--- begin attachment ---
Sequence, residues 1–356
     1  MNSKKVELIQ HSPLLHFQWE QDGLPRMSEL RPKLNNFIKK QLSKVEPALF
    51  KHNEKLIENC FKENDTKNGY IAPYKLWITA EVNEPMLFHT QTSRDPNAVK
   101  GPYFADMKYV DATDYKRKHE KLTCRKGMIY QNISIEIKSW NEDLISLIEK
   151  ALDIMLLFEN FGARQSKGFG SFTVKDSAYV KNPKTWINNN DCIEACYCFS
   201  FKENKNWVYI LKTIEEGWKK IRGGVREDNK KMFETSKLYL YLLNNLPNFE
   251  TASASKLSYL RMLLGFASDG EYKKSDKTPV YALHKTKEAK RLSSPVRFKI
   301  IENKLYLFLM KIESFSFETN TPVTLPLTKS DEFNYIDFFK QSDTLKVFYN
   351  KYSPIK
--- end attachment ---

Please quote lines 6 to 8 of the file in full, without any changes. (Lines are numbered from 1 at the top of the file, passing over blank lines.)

   201  FKENKNWVYI LKTIEEGWKK IRGGVREDNK KMFETSKLYL YLLNNLPNFE
   251  TASASKLSYL RMLLGFASDG EYKKSDKTPV YALHKTKEAK RLSSPVRFKI
   301  IENKLYLFLM KIESFSFETN TPVTLPLTKS DEFNYIDFFK QSDTLKVFYN